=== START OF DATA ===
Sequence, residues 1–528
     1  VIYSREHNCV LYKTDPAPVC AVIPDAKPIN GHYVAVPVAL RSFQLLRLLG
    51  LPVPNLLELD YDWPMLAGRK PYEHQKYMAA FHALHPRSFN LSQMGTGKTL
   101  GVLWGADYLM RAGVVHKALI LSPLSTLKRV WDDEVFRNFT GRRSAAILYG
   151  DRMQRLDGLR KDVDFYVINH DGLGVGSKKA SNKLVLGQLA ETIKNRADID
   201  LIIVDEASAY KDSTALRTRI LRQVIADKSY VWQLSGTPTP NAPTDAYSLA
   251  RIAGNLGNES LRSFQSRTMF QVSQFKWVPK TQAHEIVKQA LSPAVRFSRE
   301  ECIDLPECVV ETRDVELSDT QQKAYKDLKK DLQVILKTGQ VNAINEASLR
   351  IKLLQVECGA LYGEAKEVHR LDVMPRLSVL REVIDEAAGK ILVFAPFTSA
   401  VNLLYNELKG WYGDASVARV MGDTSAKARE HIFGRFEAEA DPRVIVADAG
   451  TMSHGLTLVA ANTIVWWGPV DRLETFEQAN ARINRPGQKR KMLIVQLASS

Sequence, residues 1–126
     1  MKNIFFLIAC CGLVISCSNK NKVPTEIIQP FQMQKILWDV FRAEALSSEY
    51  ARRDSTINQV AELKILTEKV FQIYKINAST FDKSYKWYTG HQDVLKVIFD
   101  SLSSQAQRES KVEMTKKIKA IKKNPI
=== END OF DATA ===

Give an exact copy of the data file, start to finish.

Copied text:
Sequence, residues 1–528
     1  VIYSREHNCV LYKTDPAPVC AVIPDAKPIN GHYVAVPVAL RSFQLLRLLG
    51  LPVPNLLELD YDWPMLAGRK PYEHQKYMAA FHALHPRSFN LSQMGTGKTL
   101  GVLWGADYLM RAGVVHKALI LSPLSTLKRV WDDEVFRNFT GRRSAAILYG
   151  DRMQRLDGLR KDVDFYVINH DGLGVGSKKA SNKLVLGQLA ETIKNRADID
   201  LIIVDEASAY KDSTALRTRI LRQVIADKSY VWQLSGTPTP NAPTDAYSLA
   251  RIAGNLGNES LRSFQSRTMF QVSQFKWVPK TQAHEIVKQA LSPAVRFSRE
   301  ECIDLPECVV ETRDVELSDT QQKAYKDLKK DLQVILKTGQ VNAINEASLR
   351  IKLLQVECGA LYGEAKEVHR LDVMPRLSVL REVIDEAAGK ILVFAPFTSA
   401  VNLLYNELKG WYGDASVARV MGDTSAKARE HIFGRFEAEA DPRVIVADAG
   451  TMSHGLTLVA ANTIVWWGPV DRLETFEQAN ARINRPGQKR KMLIVQLASS

Sequence, residues 1–126
     1  MKNIFFLIAC CGLVISCSNK NKVPTEIIQP FQMQKILWDV FRAEALSSEY
    51  ARRDSTINQV AELKILTEKV FQIYKINAST FDKSYKWYTG HQDVLKVIFD
   101  SLSSQAQRES KVEMTKKIKA IKKNPI